CHARLOTTE, N.C.—President Barack Obama held a private town-hall discussion addressing obstacles facing working-class families and women at a local children's library Wednesday afternoon.
The wage gap between women and men and equal access to education and healthcare were the primary topics discussed at the talk, which took place at ImaginOn, an educational library and children's theater. In addition to presenting his own opinions, Obama responded to questions submitted by users of two blogs with large followings in the Charlotte area—BlogHer and SheKnows.
Despite its trouble passing through Congress, Obama lauded the controversial Paycheck Fairness Act because of its capacity to address income disparity between men and women. This proposal would make it legal for employees to share compensation data in an effort to better inform employees who suspect they may have been discriminated against.
"When women succeed here in America then the whole country succeeds," Obama said.
To illustrate his personal connection to the gender wage gap, Obama discussed his experiences watching his grandmother navigate challenges of being a female income earner. Despite being the primary wage-earner in his family, he said she was compensated unfairly compared to men in similar positions, one of the many anecdotes he used to inspire the crowd during the discussion about wage inequality. He then transitioned from discussion of past wage discrimination to modern economic challenges that must be addressed by referencing his two teenage daughters.
“I’ve got two daughters, I expect them to be treated the same as somebody’s sons who are on the job,” he said.
The conversation about equality of women in the workforce resonated with many in the audience of approximately 200, including Deidre Coleman, a Charlotte mother of a four-year-old girl.
“Hopefully by the time [my daughter] is out in the world, everything will come to fruition and she will be able to get equal pay for her equal education," she said.
One of the main challenges Obama acknowledged regarding equal wages was the lack of representation of women in Science, Technology, Engineering and Math—commonly known as STEM—careers. He cited better access to educational opportunities as one way of overcoming the issue.
Obama noted that access to early childhood education could expose students to STEM fields from a young age. However, he pointed out that the average cost of childcare in North Carolina is $16,000 per year, which can mean access to quality care is cost-prohibitive for many families. When students do not have access to early childhood education, they are already entering elementary school at a disadvantage, he said. One of his goals is to reform the current tax code to give more families access to early childhood education, despite skeptics that doubt how realistic such initiatives would be given current federal budget constraints.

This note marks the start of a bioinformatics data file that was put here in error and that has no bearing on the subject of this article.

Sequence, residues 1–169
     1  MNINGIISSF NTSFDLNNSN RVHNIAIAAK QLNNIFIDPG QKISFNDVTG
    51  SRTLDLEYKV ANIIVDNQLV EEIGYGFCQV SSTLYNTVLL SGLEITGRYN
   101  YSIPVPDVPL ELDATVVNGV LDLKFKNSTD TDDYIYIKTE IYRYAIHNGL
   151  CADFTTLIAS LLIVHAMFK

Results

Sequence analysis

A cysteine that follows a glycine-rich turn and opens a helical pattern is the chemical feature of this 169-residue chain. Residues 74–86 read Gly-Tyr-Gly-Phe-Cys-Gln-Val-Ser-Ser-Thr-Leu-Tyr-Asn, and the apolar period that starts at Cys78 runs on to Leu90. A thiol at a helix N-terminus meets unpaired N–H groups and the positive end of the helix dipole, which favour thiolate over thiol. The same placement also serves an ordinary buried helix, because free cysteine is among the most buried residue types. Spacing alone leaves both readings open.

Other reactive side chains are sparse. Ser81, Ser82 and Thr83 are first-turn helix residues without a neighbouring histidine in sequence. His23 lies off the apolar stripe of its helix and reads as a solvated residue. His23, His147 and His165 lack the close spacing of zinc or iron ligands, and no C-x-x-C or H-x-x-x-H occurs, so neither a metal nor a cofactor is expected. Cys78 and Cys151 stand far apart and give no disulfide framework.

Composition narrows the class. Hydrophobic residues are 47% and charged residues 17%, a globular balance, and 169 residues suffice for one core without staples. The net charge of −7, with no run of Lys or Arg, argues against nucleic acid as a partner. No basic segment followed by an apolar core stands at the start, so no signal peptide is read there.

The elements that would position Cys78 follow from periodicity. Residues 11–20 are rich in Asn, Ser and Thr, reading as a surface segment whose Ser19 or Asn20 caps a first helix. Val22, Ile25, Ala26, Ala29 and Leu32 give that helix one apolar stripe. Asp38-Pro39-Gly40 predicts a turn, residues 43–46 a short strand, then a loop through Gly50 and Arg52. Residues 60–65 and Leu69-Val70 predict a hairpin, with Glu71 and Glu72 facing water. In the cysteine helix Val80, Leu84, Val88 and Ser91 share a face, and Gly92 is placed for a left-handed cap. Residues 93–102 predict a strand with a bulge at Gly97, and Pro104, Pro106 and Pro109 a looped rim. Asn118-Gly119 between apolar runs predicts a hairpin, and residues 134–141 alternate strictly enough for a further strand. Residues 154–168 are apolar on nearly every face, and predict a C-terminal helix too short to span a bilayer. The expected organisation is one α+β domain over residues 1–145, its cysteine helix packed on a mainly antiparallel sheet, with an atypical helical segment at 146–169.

“We know [education] is the smartest investment we can make as a society,” Obama said. “People say, well that’d be nice if we could afford it. But the truth is if we closed a few corporate tax loopholes that are not contributing to the economy right now, then we could afford it.”
Issues related to the cost of higher education also arose during the discussion, with Obama pointing to the availability of online learning options, improvement of loan counseling prior to borrowing and better academic support systems as potential initiatives to address increasing costs. He highlighted the state’s historic emphasis on higher education and called on legislators to renew that focus.
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"North Carolina did better economically than other parts of the mid-Atlantic and Southeast because of the Research Triangle and emphasis on education," Obama said.
The passage of the Affordable Care Act—which mandated large employers to offer health insurance to their employees—was another positive Obama cited when the topic of discussion shifted to healthcare. He lauded Microsoft for refusing to collaborate with companies that don’t offer paid sick leave for their employees while acknowledging the future progress needed in that area of economic policy as well.
“Healthcare should be a right, not a privilege, in this country,” he said.
Even for those who work in more affluent industries that provide more robust benefits, Wednesday's discussion showed that policymakers and businesses still have more work to do. Among them was Christine Nelson, a public defender who attended the event.
“In terms of empowering women, even in the legal field where it’s a male dominated field, it's important that people are working for us to make sure that we’re seen as equals,” she said.